9.7 End-of-Chapter Exercises

Questions

  1. Why is it unrealistic to assume that inventory costs will remain constant over time?
  2. What is a cost flow assumption?
  3. Briefly explain the specific identification approach.
  4. Briefly explain the first-in, first-out cost flow assumption.
  5. Briefly explain the last-in, first-out cost flow assumption.
  6. Briefly explain the averaging cost flow assumption.
  7. Which cost flow assumption will give a higher net income in a period of rising prices?
  8. Why don’t all companies use specific identification?
  9. Which cost flow assumption appears to be used by more companies than any other?
  10. What are advantages of using LIFO?
  11. Why must a company keep one set of books for financial reporting purposes and another for tax compliance purposes?
  12. Why do many countries not permit their companies to use LIFO?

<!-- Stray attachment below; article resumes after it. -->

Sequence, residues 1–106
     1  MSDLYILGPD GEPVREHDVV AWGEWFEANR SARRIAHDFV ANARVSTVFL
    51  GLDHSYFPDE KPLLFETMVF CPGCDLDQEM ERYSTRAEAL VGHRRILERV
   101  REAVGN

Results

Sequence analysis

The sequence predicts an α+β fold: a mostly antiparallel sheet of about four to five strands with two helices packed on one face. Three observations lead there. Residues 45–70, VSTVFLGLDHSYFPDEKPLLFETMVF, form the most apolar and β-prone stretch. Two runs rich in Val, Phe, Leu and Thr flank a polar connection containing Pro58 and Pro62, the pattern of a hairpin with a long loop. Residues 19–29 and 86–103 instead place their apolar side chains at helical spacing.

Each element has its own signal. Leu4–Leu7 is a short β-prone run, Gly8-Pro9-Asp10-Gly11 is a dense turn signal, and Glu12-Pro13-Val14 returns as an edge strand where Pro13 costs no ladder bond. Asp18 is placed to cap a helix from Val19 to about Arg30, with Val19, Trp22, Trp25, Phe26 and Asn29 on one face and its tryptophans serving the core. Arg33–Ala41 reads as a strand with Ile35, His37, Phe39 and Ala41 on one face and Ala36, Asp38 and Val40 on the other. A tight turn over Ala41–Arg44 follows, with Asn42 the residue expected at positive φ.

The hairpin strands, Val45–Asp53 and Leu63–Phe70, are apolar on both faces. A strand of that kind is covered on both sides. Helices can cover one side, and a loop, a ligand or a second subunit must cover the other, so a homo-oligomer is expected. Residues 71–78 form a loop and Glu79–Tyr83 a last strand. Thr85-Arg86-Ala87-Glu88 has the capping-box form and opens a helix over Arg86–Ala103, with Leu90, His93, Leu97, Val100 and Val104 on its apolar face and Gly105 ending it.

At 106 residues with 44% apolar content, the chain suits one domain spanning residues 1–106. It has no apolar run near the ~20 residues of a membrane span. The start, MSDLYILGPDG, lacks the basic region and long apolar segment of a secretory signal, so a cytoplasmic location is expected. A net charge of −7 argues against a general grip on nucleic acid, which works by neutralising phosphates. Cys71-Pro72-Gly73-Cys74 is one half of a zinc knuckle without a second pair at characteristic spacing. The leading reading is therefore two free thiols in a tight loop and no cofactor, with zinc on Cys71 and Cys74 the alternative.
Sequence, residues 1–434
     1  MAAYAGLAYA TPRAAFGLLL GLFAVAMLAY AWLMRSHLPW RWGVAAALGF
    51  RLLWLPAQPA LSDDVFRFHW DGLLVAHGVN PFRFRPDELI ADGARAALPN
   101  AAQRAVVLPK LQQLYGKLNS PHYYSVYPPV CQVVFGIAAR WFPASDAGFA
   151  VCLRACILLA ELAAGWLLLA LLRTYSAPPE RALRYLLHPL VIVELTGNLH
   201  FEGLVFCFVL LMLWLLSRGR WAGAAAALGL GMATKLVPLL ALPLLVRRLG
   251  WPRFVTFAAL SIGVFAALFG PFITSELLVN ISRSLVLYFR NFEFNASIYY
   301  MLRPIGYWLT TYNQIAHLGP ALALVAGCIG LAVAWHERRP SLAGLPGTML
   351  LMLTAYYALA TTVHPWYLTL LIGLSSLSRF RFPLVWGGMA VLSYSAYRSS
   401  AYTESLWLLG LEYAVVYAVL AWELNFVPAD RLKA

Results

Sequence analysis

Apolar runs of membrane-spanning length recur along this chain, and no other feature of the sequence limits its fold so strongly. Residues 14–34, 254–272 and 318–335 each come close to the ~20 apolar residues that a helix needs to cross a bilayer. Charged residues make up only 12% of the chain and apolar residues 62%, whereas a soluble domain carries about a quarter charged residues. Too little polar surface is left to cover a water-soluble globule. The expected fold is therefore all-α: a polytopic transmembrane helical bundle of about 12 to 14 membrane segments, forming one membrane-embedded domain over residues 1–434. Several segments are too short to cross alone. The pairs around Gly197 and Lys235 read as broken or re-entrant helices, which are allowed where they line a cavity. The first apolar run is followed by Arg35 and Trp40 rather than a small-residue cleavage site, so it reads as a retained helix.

13. Explain LIFO liquidation.
  14. How can users compare companies who use different cost flow assumptions?
  15. How is gross profit percentage calculated and what does it tell a user about a company?
  16. How is number of days in inventory calculated and why would a user want to know this number?
  17. What is inventory turnover? What does it tell a user about a company?

True or False

  1. ____ Using the LIFO cost assumption will always result in a lower net income than using the FIFO cost assumption.
  2. ____ The United States is the only country that allows LIFO.
  3. ____ LIFO tends to provide a better match of costs and expenses than FIFO and averaging.
  4. ____ Companies can use LIFO for tax purposes and FIFO for financial reporting.
  5. ____ The larger the inventory turnover, the better, in most cases.
  6. ____ It is impossible for decision makers to compare a company who uses LIFO with one who uses FIFO.
  7. ____ A jewelry store or boat dealership would normally be able to use the specific identification method.
  8. ____ The underlying concept of FIFO is that the earliest inventory purchased would be sold first.
  9. ____ Gross profit percentage can help users determine how long it takes companies to sell inventory after they purchase it.
  10. ____ LIFO liquidation may artificially inflate net income.

Multiple Choice

  1. Which of the following provides the best matching of revenues and expenses?

    1. Specific Identification
    2. FIFO
    3. LIFO
    4. Averaging